• the conveyancing process – looking to modernise it
  • mortgages
  • buying leasehold and new build properties.

They’re also keen to receive suggestions on how both buyers and sellers could be better informed and able to fully commit to a sale and purchase at an earlier stage in the process.

The consultation closes on 17th December, after which the responses will be used to develop a programme of action that will be tested with the sector and the public.

November: Review of the Smoke and Carbon Monoxide Alarm (England) Regulations 2015. Since October 2015, landlords have been legally obliged to install smoke and carbon monoxide (CO) alarms in all their rented properties. To comply, there must be a working smoke alarm on each floor and they must be tested at the start of each tenancy. Carbon monoxide alarms need to be installed in rooms considered ‘high risk’, where a solid fuel heating system is installed, for example, a gas boiler, gas fire or coal fire.

At the time this law was passing through parliament, ministers made a commitment to review it and the purpose of this consultation , which was published on 7th November, is simply to gather evidence on the effectiveness of the regulations to date.

The findings of the consultation, which closes on 9th January 2018, will be taken into account as part of an independent review of building regulations, commissioned by the Government following the Grenfell Tower fire tragedy.

 

November: Electrical safety standards in the private rented sector: working group report. As it stands, the law around electrical safety in the PRS is grey, to say the least, with very few clear obligations on landlords to check and service electrical installations. This has long seemed to defy sense, given the way in which any gas equipment and supply must be checked and certified annually.

Although not put out to public consultation, in a step towards legislation, a group of relevant experts – including landlord, letting agent and tenant representatives – was asked to provide recommendations on what, if any, legislative requirements for electrical safety should be introduced in the PRS. The full report was published on 7th November.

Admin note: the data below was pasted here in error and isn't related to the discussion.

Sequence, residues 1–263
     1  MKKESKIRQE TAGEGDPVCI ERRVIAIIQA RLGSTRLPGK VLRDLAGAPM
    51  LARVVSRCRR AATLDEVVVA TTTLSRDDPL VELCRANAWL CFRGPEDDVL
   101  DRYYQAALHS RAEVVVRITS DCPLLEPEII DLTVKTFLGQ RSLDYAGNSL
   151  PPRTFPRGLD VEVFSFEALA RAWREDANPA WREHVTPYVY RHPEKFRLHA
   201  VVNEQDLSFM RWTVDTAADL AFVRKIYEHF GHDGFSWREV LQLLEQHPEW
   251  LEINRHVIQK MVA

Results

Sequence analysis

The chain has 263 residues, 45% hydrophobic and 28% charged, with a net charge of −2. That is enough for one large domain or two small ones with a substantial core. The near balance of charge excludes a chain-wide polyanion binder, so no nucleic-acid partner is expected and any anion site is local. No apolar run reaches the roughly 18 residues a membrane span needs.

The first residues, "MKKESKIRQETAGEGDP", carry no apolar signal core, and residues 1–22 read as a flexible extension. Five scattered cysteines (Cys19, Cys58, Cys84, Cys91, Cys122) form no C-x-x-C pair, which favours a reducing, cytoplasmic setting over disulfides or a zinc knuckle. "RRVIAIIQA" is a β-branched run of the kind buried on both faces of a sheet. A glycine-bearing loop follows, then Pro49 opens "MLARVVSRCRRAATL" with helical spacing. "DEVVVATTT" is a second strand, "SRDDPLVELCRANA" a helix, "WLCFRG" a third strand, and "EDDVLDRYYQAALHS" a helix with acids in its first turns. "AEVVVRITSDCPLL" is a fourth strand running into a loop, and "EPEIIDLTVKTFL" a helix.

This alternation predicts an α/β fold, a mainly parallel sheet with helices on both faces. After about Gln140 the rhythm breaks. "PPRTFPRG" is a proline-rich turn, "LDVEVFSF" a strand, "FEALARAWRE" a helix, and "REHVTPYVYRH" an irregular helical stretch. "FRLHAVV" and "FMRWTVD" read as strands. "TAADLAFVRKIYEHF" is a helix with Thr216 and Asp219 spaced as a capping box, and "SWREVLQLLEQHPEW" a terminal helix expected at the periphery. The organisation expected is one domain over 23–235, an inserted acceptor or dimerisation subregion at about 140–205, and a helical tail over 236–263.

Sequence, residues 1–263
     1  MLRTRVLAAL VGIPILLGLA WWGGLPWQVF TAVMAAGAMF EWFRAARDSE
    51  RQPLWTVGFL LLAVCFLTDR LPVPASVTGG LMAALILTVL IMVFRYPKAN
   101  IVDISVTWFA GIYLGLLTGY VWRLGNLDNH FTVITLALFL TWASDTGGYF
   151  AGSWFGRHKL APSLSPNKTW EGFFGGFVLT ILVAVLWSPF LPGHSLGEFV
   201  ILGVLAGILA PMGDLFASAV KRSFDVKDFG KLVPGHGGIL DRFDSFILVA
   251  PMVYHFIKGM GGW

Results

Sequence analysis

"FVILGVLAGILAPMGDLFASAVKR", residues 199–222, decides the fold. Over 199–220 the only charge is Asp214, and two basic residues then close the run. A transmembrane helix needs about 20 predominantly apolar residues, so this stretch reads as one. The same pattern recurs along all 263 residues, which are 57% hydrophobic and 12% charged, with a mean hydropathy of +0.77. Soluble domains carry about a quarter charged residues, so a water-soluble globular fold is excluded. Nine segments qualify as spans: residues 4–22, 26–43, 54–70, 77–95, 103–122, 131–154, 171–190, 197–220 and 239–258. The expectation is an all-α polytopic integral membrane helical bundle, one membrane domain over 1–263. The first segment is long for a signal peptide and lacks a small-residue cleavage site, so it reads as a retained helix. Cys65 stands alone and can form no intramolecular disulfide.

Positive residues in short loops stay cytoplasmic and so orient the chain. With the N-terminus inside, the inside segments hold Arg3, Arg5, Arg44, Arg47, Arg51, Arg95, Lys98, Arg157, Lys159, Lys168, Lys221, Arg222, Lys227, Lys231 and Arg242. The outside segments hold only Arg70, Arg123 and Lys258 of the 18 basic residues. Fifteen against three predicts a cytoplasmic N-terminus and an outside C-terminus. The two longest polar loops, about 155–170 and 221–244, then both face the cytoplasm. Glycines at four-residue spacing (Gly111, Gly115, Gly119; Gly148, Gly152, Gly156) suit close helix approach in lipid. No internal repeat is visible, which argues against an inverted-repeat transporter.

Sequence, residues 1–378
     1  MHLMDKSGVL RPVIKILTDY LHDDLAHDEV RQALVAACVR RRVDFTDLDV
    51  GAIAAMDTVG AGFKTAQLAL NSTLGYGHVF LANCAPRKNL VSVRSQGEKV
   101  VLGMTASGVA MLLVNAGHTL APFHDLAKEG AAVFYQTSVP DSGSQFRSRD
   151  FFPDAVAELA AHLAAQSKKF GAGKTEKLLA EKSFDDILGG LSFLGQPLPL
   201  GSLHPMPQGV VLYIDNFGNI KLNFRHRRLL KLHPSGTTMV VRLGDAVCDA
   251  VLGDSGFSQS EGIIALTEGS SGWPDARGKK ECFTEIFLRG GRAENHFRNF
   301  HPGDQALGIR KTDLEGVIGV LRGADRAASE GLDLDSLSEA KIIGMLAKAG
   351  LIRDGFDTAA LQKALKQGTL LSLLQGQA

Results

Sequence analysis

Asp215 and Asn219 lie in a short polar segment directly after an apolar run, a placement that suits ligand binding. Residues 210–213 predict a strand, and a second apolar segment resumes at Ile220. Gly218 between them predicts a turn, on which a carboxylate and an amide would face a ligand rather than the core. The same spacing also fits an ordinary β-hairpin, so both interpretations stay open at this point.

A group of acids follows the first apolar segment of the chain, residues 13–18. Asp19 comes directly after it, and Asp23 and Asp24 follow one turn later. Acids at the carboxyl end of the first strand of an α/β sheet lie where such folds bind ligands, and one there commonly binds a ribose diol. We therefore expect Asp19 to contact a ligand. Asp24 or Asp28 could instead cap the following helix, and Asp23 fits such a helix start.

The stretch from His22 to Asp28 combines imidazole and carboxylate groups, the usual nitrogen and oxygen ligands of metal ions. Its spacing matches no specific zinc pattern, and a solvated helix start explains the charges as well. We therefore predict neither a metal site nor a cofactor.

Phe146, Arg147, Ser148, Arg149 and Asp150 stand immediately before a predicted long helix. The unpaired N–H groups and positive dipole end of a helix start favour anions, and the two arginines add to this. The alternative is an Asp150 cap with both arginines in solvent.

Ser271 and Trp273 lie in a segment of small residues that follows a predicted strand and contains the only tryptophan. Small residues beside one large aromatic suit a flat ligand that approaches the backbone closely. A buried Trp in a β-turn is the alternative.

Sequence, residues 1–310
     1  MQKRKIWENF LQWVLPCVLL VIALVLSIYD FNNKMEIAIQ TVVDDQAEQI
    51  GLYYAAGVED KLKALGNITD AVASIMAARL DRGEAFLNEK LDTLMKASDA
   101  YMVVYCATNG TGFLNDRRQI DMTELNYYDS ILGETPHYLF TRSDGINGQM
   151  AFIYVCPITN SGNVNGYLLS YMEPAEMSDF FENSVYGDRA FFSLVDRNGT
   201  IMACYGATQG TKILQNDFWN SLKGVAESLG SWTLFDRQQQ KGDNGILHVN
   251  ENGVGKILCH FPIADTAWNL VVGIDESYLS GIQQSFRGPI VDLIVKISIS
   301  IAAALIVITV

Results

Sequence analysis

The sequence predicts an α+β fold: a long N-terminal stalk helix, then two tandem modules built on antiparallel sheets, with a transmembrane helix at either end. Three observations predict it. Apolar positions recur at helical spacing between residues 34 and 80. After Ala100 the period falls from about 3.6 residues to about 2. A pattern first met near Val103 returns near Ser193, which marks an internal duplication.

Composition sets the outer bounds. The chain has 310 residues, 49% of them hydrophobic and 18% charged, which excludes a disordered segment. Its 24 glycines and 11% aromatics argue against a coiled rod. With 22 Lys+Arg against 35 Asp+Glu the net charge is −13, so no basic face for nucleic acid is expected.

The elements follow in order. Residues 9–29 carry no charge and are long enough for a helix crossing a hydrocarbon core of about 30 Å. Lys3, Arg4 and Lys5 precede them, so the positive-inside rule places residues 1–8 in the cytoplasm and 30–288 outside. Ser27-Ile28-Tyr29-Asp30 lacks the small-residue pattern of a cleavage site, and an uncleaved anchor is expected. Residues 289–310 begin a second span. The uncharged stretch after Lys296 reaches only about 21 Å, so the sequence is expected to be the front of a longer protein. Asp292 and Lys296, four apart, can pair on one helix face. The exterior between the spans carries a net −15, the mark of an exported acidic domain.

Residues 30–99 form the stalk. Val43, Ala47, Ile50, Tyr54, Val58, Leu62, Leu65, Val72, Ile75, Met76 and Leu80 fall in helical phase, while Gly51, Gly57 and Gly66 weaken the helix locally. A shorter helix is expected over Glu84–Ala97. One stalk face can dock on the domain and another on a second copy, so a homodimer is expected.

The group agreed that legislation was necessary and mandatory electrical installation checks in PRS properties should be introduced, with the aim of ensuring safety. Landlords would have to obtain an Electrical

Installation Condition Report (EICR) and carry out any remedial works required to meet the standard for certification. Once secured, the group proposed that a copy of the electrical installation certificate should be issued to the tenant at the start of the tenancy and made available to the local authority, on request.

With the average inspection and test deemed likely to take around four hours, the cost to the landlord was estimated to be around £250. The group decided that requiring a full EICR to be made every five years would help ensure electrical safety while not placing an unreasonable financial burden on landlords. They recommended legislative requirements should be phased in, beginning with new tenancies, followed by all existing tenancies.

I will, as always, try to keep you up to date on any pending legal changes, but you can always sign up to alerts from the .gov website.

This information has been provided by our partner Mortgage Advice Bureau. For more information relating to Mortgages or for Mortgage Advice please visit Mortgage Advice Bureau.